Hubris Part II
A day after amazing achievements for USL-1 sides in CONCACAF Champions League action Major League Soccer continued its pattern of showing that they don’t get it by rejecting New York’s $200,000 bid for Macoumba Kandji according to Ives Galarcep of Soccer by Ives. The apparent stumbling block: MLS does not believe any player in USL could possibly be worth $200,000. Even after seeing the Puerto Rico Islanders, a USL side accomplish a feat that no MLS team has been able to in eight tries (getting a result against one of the big two Costa Rican clubs in Central America) Major League Soccer will not allow one of its franchises to spend transfer money on a player from the second division in its own country. Can you imagine if the Premier League forbade its clubs from buying players from Championship clubs? Or how about Serie A not buying from Serie B? The policy would rightly be ripped and quite frankly the gap between USL-1 and MLS is much smaller than between the Premier League and Championship. It’s no small wonder why so many fans domestic and abroad view the MLS not only a poor footballing league but more importantly as a somewhat strange and shady business.
The Hubris in MLS HQ is a subject I’ve been exploring the Superliga debacle. This incident however even surprises someone like me who tends to think the worst possible of the league. However, I must state I support MLS and hope they shape up rather than permanently lose a generation of football fans in this nation.
The fact is back in the day USL-1 (then the A-League) and MLS used to have a working partnership. Now they compete. USL is obviously an inferior league but its not as wide a gap as typically you have between first and second divisions. MLS seems determined to kill USL, while at the same time not allowing its franchises to grow. I’ve actually spoken off the record to a few players who have been in both leagues and while they acknowledge MLS is the top league some prefer playing in USL and actually signing with a team and not being subject to the constant rearranging of the deck chairs that occurs in MLS since player contracts are owned by the league and not by certain clubs.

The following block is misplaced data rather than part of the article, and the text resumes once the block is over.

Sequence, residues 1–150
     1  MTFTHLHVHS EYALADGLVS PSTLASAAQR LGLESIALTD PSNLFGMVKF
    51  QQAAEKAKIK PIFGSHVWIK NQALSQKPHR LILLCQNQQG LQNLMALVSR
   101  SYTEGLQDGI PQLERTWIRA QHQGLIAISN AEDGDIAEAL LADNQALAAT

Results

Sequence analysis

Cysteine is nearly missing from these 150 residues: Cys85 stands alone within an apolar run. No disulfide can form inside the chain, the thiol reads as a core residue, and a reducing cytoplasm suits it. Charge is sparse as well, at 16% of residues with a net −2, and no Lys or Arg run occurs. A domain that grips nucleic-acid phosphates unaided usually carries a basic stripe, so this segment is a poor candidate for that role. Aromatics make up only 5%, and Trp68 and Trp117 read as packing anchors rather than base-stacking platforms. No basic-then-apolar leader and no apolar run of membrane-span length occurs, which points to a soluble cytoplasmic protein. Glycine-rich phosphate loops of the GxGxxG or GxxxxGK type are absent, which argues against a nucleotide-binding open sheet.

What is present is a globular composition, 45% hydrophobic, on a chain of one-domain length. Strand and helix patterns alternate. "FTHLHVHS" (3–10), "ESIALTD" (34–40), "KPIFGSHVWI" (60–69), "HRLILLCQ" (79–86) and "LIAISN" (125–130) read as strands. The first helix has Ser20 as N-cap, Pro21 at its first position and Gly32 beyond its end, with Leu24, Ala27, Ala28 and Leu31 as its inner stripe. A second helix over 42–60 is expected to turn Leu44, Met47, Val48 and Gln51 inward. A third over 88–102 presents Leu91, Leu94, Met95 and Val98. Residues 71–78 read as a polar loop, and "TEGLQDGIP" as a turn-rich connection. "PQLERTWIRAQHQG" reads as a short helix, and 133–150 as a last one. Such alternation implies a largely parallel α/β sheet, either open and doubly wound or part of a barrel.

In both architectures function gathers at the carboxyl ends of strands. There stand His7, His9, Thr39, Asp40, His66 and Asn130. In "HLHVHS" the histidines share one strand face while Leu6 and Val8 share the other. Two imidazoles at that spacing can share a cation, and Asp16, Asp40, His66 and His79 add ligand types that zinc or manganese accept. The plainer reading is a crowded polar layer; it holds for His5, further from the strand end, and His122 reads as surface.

What MLS needs to do is learn from USL’s success in certain markets and also understand why USL sides tend to perform well relative to their talent level in knock out competitions like the Open Cup and now the CONCACAF CL. USL-1 sides typically get players that are MLS rejects not because they weren’t good enough to play but because they fell in the salary range of 30k-50k where cap space becomes tight. Many USL-1 players are actually better than the low end MLS players. In other cases it is easier for foriegn players, particularly from the Caribbean and Africa to sign with USL-1 and USL-2 sides. Often times the foreign players that end up in USL have a better long term outlook than the overpayed and over the hill type foreign players MLS likes to sign. Mac Kandji is an example of this type of foreign player.
For a league in the last year who has signed foreign players such a Franco Neil, Mathias Cordoba, Franco Carracio, Celestine Babyaro, Abel Xavier, Laurent Robert and others based on reputation not on their ability to excel in the unique footballing climate of the United States, the decision of MLS to reject a transfer fee for Kandji shows that once again MLS operates in a vacuum with regards to the world of football and deserves all of the scorn it has rightfully earned.